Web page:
Renderings released by Christie’s indicate that the architects will adaptively reuse a single-story commercial structure in Beverly Hills for the project. The building—repurposed and added on to by the architects—is wrapped in an undulating curtain made out of “pearlescent white aluminum” that is interrupted along a large, recessed expanse of clear glass along the street. Plans for the new storefront include the addition of a second story terrace and a “grand yet flexible” ground floor interior layout.
The new flagship gallery will be wrapped by an aluminum screen along the building’s exterior. (Courtesy wHY)
Interior configurations will include spaces for exhibitions, private events, and live-streamed auctions along the ground floor. Private meeting areas and offices will be located upstairs along with the outdoor, vegetated terrace. The second-floor expansion will add approximately 1,400 square feet of floor area to the structure. Although the project is being touted as a new flagship for the auction house, Christie’s has maintained West Coast offices in Los Angeles and San Francisco since 1978 and 1982, respectively. The flagship expansion mirrors Christie’s recent expansions in China, which—along with the West Coast of the United States—accounts for much of the recent growth in new buyers, according to a press release touting the new location.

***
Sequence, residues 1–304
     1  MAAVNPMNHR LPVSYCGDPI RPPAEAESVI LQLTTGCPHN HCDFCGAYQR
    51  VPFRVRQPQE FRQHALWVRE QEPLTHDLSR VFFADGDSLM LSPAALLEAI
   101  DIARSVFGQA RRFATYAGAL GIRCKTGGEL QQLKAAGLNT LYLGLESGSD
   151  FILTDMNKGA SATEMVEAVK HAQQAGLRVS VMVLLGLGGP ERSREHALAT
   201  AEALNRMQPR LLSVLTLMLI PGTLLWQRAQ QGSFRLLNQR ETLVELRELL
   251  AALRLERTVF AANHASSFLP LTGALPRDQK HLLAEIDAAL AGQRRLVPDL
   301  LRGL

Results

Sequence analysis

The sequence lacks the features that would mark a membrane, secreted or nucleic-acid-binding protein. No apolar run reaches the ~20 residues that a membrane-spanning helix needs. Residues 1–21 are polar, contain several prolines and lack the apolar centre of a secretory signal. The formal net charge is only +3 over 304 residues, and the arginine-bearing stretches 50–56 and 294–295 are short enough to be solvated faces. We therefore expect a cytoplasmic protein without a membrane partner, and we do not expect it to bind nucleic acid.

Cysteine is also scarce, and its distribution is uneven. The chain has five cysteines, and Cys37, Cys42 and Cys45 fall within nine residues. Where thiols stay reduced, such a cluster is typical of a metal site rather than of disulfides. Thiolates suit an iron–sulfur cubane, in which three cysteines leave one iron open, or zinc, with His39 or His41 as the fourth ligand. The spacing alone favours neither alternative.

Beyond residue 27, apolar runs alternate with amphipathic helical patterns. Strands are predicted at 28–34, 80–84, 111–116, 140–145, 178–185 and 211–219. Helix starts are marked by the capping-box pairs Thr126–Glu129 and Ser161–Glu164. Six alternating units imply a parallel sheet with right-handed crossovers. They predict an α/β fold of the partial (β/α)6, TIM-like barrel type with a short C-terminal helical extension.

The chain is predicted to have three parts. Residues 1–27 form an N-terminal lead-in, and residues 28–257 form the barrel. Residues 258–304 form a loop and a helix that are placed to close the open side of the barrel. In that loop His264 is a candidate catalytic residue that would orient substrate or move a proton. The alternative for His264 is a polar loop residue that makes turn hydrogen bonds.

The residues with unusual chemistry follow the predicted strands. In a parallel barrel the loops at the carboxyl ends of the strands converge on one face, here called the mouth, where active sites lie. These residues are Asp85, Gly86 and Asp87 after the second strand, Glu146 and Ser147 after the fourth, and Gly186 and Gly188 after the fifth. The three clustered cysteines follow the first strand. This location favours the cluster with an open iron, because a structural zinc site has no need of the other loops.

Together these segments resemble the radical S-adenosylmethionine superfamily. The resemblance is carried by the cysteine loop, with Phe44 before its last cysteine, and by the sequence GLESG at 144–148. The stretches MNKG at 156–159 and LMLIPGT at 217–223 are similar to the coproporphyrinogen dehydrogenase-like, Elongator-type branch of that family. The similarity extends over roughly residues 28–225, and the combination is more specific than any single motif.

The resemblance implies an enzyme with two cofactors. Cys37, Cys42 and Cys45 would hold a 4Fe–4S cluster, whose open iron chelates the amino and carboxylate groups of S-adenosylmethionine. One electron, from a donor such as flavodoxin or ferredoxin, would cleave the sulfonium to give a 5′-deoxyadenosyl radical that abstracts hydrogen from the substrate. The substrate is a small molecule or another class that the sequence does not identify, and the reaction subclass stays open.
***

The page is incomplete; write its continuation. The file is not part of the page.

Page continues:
To commemorate the new expansion, Christie’s is hosting a pop-up gallery show through February 11th at the Collection of Earl and Camilla McGrath at the De Re Gallery, 8373 Melrose Ave, Los Angeles.
wHY—already a prolific firm in its own right—has recently become the go-to architect for internationally-renowned art galleries looking to open up West Coast outposts. The firm recently completed work on a new outpost for the Gagosian Gallery in San Francisco across the street from the new Snøhetta-designed San Francisco Museum of Modern Art. The firm is also working on designs for the Maurice and Paul Marciano Art Foundation’s new facilities in L.A. That project, due to open this Spring, will transform that city’s Scottish Rite Masonic Temple into what the firm conceptually describes on their website as an “art city.”